Waterbury Man Sentenced to 46 Months in Federal Prison for Counterfeit Check Bank Fraud Scheme
John H. Durham, United States Attorney for the District of Connecticut, announced that JONELL BONILLA, 26, of Waterbury, was sentenced today by U.S. District Judge Vanessa L. Bryant to 46 months of imprisonment, followed by four years of supervised release, for operating a counterfeit check bank fraud scheme.
Pursuant to the Coronavirus Aid, Relief, and Economic Security Act (CARES Act), the court proceeding occurred via videoconference.
According to court documents and statements made in court, between approximately December 2017 and January 2019, Bonilla and others obtained access to bank accounts by recruiting individuals through social media and persuading the individuals to share their account information, including debit cards and associated PIN numbers. The account holders were paid for providing access to their bank accounts. Bonilla and his co-conspirators misrepresented to the account holders that U.S. Postal Service money orders or authentic checks would be deposited into their accounts. After Bonilla and his co-conspirators had access to the accounts, they deposited counterfeit checks into those accounts and then withdrew money from the accounts before the banks discovered the checks to be counterfeit.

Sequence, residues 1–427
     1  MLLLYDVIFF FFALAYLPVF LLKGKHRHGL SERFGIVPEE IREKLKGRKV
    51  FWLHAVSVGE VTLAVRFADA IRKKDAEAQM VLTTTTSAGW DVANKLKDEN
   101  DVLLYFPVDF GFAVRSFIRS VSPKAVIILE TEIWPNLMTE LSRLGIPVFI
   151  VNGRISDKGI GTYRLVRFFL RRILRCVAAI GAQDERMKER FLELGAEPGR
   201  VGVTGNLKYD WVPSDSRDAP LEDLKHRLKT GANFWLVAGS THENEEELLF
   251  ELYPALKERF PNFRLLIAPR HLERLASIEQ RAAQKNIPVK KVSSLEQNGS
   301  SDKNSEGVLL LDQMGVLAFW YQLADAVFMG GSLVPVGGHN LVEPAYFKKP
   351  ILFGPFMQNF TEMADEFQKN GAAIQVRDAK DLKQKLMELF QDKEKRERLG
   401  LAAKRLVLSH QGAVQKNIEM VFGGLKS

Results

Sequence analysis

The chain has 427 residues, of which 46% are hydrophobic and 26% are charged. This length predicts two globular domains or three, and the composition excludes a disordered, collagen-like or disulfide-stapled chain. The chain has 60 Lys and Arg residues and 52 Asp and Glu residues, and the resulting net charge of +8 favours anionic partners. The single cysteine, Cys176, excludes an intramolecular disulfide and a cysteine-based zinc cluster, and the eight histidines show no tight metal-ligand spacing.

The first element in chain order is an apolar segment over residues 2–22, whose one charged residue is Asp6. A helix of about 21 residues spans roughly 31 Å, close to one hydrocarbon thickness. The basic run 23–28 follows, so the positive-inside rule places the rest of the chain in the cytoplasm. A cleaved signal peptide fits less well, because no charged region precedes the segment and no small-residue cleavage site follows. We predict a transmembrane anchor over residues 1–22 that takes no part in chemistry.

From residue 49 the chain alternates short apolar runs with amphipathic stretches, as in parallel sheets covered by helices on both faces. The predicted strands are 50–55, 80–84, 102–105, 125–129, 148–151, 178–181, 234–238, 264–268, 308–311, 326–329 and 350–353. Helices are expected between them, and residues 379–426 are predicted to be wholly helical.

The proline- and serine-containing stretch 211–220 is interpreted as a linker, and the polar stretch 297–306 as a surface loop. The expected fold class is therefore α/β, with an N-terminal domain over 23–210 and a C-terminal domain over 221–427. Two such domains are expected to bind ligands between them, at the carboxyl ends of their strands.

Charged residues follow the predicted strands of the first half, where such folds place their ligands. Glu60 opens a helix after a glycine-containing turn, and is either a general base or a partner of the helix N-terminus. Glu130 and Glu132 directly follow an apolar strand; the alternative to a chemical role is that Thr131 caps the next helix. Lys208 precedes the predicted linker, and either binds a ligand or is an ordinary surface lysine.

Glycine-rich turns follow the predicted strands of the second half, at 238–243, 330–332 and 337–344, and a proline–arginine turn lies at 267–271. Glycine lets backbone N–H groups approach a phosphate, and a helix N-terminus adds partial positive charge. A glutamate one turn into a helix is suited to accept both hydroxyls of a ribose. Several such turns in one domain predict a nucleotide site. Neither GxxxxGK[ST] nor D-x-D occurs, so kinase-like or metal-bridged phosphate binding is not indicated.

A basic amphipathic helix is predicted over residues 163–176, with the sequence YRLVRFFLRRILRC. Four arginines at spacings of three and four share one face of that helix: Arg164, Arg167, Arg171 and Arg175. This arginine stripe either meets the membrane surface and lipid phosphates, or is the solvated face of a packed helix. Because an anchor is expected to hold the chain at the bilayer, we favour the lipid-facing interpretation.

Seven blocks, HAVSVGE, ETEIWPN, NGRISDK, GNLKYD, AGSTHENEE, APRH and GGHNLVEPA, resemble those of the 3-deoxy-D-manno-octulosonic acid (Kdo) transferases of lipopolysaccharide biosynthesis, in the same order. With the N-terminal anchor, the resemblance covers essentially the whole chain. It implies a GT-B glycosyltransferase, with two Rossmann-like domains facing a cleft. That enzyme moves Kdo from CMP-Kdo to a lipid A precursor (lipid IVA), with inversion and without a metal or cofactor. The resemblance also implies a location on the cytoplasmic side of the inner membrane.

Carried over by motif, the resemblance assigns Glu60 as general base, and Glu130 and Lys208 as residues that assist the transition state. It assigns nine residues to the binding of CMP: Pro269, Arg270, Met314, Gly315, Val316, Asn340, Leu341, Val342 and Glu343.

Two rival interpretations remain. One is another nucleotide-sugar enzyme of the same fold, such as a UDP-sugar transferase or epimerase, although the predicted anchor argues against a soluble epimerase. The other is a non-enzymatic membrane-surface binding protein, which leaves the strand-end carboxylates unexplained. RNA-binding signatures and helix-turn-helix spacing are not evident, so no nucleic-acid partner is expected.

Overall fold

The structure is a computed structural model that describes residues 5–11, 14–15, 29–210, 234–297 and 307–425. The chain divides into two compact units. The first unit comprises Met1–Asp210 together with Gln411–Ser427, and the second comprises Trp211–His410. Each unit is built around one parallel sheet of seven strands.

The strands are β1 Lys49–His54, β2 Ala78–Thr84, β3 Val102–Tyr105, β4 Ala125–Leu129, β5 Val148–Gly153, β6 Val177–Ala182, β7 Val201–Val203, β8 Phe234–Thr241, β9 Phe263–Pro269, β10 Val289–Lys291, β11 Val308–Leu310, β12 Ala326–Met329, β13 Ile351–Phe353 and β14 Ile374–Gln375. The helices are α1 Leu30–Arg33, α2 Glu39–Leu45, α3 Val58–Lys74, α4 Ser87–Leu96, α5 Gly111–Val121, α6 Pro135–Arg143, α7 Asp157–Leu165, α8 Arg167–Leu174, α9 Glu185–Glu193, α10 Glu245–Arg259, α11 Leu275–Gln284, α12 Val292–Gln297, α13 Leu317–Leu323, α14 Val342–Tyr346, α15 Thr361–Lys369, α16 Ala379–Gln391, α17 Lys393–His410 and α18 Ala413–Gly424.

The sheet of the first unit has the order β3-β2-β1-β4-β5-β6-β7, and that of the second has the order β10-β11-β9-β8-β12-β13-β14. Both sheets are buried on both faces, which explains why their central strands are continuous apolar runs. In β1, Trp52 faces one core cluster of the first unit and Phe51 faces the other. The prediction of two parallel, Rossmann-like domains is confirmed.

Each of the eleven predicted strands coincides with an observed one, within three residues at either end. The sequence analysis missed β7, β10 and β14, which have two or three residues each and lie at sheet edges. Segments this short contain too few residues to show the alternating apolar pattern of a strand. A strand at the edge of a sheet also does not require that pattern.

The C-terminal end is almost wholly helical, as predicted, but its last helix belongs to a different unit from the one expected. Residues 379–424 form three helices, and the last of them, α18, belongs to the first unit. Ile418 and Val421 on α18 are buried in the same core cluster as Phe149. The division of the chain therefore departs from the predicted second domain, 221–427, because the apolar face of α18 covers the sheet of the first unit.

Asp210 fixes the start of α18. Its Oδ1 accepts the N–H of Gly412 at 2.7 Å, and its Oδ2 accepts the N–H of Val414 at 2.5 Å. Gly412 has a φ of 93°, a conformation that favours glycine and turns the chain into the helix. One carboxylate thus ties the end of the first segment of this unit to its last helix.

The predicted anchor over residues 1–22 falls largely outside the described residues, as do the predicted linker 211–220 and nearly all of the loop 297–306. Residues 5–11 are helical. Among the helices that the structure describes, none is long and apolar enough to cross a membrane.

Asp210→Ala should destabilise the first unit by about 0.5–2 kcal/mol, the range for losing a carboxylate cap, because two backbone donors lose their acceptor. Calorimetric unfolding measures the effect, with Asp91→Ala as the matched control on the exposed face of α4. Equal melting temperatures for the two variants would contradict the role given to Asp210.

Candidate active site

Bonilla and his co-conspirators attempted to steal more than $500,000 through this scheme, and were successful in defrauding at least 12 banks of approximately $319,000.
Judge Bryant ordered Bonilla to pay restitution of $254,499.90.
Bonilla has been detained since his arrest on January 9, 2019. On October 2, 2019, he pleaded guilty to one count of conspiracy to commit bank fraud and one count of bank fraud.
Three of Bonilla’s co-conspirators have pleaded guilty and await sentencing.
This matter is being investigated by the U.S. Postal Inspection Service and the U.S. Secret Service. The case is being prosecuted by Assistant U.S. Attorney John T. Pierpont, Jr.